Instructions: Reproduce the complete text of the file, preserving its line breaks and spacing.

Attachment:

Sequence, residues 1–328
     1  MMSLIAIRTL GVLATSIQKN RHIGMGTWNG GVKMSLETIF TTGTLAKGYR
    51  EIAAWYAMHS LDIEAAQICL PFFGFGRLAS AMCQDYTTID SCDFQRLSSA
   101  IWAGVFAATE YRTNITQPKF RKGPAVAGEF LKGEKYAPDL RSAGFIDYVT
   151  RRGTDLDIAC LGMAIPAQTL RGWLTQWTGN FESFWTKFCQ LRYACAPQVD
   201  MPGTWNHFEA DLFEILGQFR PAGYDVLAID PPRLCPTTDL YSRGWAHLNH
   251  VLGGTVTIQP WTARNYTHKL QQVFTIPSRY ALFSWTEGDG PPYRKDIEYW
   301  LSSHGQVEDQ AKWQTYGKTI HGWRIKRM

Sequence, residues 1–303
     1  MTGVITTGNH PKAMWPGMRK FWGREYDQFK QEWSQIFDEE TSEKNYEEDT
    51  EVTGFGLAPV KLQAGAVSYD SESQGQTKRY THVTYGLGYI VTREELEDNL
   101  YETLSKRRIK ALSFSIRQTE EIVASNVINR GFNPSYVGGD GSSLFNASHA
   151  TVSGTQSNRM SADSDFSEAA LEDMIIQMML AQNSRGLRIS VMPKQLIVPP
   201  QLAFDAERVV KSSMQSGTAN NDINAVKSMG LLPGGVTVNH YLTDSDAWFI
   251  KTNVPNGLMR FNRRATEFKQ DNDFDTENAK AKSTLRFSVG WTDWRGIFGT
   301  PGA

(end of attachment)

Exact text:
Sequence, residues 1–328
     1  MMSLIAIRTL GVLATSIQKN RHIGMGTWNG GVKMSLETIF TTGTLAKGYR
    51  EIAAWYAMHS LDIEAAQICL PFFGFGRLAS AMCQDYTTID SCDFQRLSSA
   101  IWAGVFAATE YRTNITQPKF RKGPAVAGEF LKGEKYAPDL RSAGFIDYVT
   151  RRGTDLDIAC LGMAIPAQTL RGWLTQWTGN FESFWTKFCQ LRYACAPQVD
   201  MPGTWNHFEA DLFEILGQFR PAGYDVLAID PPRLCPTTDL YSRGWAHLNH
   251  VLGGTVTIQP WTARNYTHKL QQVFTIPSRY ALFSWTEGDG PPYRKDIEYW
   301  LSSHGQVEDQ AKWQTYGKTI HGWRIKRM

Sequence, residues 1–303
     1  MTGVITTGNH PKAMWPGMRK FWGREYDQFK QEWSQIFDEE TSEKNYEEDT
    51  EVTGFGLAPV KLQAGAVSYD SESQGQTKRY THVTYGLGYI VTREELEDNL
   101  YETLSKRRIK ALSFSIRQTE EIVASNVINR GFNPSYVGGD GSSLFNASHA
   151  TVSGTQSNRM SADSDFSEAA LEDMIIQMML AQNSRGLRIS VMPKQLIVPP
   201  QLAFDAERVV KSSMQSGTAN NDINAVKSMG LLPGGVTVNH YLTDSDAWFI
   251  KTNVPNGLMR FNRRATEFKQ DNDFDTENAK AKSTLRFSVG WTDWRGIFGT
   301  PGA